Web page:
The Placozoa are a basal form of invertebrate. They are the simplest in structure of all non-parasitic multicellular animals (Metazoa). They are generally classified as a single species, Trichoplax adhaerens, although there is enough genetic diversity that it is likely that there are multiple, morphologically similar species. Although they were first discovered in 1883, a common name does not yet exist for the taxon; the scientific name literally means "flat animals".
Trichoplax is a small, flattened, animal around 1 millimetre across. Like an Amoeba, it has no regular outline, although the lower surface is somewhat concave, and the upper surface is always flattened. The body consists of an outer layer of simple epithelium enclosing a loose sheet of stellate cells resembling the mesenchyme of some more advanced animals. The epithelial cells bear flagella, which the animal uses to help it creep along the seafloor.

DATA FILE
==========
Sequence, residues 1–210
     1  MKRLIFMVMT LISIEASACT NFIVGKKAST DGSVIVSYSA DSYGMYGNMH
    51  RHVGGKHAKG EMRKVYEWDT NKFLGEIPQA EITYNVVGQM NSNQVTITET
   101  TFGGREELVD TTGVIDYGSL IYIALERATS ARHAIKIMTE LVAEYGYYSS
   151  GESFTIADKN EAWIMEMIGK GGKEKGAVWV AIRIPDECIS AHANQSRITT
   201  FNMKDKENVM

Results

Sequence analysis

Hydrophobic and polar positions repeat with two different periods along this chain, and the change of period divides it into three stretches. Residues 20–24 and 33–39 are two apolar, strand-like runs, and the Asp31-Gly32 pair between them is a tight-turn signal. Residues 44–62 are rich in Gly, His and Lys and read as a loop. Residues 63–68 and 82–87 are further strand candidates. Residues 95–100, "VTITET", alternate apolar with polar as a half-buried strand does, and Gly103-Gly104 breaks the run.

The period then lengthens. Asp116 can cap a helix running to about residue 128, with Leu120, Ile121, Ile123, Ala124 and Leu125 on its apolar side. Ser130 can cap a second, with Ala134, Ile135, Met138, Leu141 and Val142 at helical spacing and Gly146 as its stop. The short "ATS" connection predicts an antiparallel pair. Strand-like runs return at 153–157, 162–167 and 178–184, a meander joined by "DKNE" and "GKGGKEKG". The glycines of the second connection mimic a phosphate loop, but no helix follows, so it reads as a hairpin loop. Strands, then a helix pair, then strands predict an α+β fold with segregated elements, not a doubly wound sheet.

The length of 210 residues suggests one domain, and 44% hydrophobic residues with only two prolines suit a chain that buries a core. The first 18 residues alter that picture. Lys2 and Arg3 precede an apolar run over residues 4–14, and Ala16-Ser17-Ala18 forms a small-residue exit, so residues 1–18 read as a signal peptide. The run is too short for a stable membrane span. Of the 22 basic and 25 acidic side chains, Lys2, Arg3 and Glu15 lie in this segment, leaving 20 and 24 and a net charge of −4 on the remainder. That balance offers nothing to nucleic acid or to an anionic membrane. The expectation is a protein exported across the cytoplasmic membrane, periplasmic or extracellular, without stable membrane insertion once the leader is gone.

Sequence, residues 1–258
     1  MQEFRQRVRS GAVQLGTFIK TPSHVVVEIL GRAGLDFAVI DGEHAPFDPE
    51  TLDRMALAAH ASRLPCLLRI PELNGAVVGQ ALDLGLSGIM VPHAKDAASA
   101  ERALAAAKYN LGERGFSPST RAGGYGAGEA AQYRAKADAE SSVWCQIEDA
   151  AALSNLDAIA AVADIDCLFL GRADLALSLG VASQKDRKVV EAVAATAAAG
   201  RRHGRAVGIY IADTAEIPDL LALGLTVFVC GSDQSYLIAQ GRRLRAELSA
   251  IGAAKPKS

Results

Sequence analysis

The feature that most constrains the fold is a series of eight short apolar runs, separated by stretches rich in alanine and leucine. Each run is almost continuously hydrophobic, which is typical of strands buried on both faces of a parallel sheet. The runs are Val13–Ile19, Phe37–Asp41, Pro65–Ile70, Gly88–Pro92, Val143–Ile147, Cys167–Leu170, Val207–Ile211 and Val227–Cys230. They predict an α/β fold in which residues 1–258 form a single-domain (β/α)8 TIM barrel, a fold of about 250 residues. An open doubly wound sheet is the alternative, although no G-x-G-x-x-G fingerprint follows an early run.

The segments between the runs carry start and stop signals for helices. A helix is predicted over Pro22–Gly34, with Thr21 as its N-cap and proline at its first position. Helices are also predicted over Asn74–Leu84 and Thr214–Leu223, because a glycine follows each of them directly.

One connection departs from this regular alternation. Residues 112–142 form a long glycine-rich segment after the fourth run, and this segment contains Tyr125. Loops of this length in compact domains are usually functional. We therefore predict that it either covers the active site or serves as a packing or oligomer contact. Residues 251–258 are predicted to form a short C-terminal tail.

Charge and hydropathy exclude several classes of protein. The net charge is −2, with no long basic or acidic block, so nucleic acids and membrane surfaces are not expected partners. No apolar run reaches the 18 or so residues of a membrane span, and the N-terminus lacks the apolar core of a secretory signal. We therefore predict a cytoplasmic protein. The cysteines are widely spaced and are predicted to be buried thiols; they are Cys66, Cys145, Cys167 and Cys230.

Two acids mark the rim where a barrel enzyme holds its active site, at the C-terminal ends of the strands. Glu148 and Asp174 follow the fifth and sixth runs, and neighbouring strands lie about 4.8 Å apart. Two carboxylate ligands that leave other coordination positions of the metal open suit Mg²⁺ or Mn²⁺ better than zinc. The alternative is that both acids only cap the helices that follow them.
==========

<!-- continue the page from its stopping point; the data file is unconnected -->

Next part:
The lower surface engulfs small particles of organic detritus, on which the animal feeds. It reproduces asexually, budding off smaller individuals, and the lower surface may also bud off eggs into the mesenchyme.
On the basis of their simple structure, the Placozoa were frequently viewed as a model organism for the transition from unicellular organisms to the multicellular animals (Metazoa) and are thus considered a sister taxon to all other metazoans: